COLUMBIA — Flu cases are down drastically from last season for Boone County as well as the rest of the state, according to statistics from the Missouri Department of Health and Senior Services.
The decrease in cases is especially dramatic statewide, with 250 flu cases confirmed so far this flu season compared to 2,939 cases at the same point last year, roughly a 92 percent decrease.
Sarah Rainey, a regional epidemiology specialist for the Columbia/Boone County Department of Public Health and Human Services, said the Health Department has received reports of 69 confirmed cases of the influenza virus this flu season in Boone County. Of those cases, 39 were the influenza A strain.
This time last year, there were 187 reported cases, 157 of which were influenza A.
Rainey can't say for sure why the number is lower but surmised several factors could be affecting infection rates. One is that more people received flu shots this season.
"I think the community has done a great job getting vaccinated for this season," Rainey said. "I can't say that it's the only reason numbers are low, but it sure helps."
Flu seasons are measured from October to May each year and are reported by state health departments on a weekly basis to the Centers for Disease Control and Prevention.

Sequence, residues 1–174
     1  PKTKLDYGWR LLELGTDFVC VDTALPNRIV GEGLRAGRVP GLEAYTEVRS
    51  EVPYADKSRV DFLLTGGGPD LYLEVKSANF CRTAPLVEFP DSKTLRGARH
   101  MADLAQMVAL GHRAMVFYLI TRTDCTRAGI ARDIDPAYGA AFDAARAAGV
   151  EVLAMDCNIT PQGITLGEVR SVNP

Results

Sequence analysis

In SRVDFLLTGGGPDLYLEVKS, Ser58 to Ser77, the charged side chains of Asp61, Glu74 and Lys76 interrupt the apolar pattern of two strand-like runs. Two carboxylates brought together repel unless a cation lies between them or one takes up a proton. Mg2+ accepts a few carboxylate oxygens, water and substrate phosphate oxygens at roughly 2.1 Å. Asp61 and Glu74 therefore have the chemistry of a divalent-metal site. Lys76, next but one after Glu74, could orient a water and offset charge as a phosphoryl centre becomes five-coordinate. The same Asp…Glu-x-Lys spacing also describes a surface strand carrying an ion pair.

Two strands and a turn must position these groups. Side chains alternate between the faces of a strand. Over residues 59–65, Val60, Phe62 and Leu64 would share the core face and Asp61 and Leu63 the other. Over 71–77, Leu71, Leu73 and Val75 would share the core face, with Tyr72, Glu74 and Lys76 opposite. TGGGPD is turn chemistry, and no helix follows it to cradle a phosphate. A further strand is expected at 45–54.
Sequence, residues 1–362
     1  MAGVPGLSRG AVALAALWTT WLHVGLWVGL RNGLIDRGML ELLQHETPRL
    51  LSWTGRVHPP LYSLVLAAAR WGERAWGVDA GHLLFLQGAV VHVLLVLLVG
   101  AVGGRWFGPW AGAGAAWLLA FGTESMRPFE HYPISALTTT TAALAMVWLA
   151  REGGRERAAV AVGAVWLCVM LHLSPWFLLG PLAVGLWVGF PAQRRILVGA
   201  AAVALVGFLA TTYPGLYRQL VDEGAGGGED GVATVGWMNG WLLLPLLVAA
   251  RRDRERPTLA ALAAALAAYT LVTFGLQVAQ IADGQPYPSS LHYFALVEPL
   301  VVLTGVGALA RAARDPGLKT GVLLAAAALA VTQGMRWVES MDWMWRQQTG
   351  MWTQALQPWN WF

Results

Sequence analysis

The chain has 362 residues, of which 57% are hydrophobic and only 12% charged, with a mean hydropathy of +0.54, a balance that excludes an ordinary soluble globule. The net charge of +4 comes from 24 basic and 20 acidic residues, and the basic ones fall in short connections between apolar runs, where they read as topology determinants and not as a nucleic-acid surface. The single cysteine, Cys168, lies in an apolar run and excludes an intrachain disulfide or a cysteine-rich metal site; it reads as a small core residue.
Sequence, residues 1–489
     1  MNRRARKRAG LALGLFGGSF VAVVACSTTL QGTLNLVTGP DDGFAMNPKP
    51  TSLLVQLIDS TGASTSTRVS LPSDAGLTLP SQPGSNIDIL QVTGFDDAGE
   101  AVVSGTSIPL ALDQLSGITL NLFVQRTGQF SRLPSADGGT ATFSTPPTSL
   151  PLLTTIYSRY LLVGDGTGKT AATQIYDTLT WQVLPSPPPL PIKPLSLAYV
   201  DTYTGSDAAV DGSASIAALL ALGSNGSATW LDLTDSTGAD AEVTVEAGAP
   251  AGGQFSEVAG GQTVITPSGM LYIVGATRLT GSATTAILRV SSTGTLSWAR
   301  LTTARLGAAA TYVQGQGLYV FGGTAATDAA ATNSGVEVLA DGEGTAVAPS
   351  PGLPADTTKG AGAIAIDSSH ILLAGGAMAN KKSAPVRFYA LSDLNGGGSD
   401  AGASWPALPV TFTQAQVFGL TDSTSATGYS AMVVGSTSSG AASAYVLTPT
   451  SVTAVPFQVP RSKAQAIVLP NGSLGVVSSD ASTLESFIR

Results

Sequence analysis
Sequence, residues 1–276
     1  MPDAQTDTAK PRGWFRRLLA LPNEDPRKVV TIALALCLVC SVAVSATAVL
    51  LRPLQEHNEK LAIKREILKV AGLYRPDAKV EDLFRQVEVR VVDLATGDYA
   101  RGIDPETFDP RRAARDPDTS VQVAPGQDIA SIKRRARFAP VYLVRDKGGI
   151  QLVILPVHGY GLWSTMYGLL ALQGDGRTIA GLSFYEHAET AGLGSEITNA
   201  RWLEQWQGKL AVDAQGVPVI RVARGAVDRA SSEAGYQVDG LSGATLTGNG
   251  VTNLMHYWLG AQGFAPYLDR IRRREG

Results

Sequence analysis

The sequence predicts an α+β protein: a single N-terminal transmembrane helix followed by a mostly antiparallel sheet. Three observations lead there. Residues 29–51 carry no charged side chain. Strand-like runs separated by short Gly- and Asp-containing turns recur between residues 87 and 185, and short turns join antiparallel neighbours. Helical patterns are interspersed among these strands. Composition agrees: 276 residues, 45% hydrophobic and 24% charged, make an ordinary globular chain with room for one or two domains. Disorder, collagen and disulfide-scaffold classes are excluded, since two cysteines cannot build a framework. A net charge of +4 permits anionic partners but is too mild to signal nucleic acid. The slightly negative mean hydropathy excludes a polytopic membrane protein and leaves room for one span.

Another possible reason for the lower number of flu cases could be the effect of last year's vaccine. Each year, the World Health Organization makes predictions, based on previous year trends, on the next season's likely flu strain. For the 2007-2008 vaccine, epidemiologists guessed wrong. According to a study cited by the CDC, last year's vaccine was 44 percent effective; 77 percent of influenza A and 98 percent of influenza B viruses were not optimally matched to the 2007-08 influenza vaccine strains, so many people were not protected.
This season's guesswork has been better. The vaccine most people received is successfully combating the current strains affecting populations.
While numbers are low compared to last year, Rainey points out that reported cases are increasing slowly. She said infection rates tend to peak at the end of February and early March, so confirmed cases most likely will keep rising in the coming weeks.
Even with flu season well under way, a flu shot may still provide protection.
"It's never too late to come in and get immunized," said David Dale, senior marketing specialist at the Student Health Center, which also saw an increase in the number of people getting vaccinated this season.
Students are encouraged to get vaccinated because the vaccine provides some protection immediately. However, it can take up to two weeks before a person is completely immunized, Dale said.
The flu shot costs $20 at the Student Health Center, and is not covered by prepaid health fees.
"It is better for students in the long run to pay the cost than not get immunized," Dale said.
Students can call the MU Student Health Center to set up an appointment at 882-7481.
At the Health Department, flu shots are still available for $20, which cannot be charged to an insurance plan but can be paid through Medicaid. The Health Department also is offering free FluMist, a vaccine mist sprayed into children's noses instead of through an injection. For more information, call 874-7355.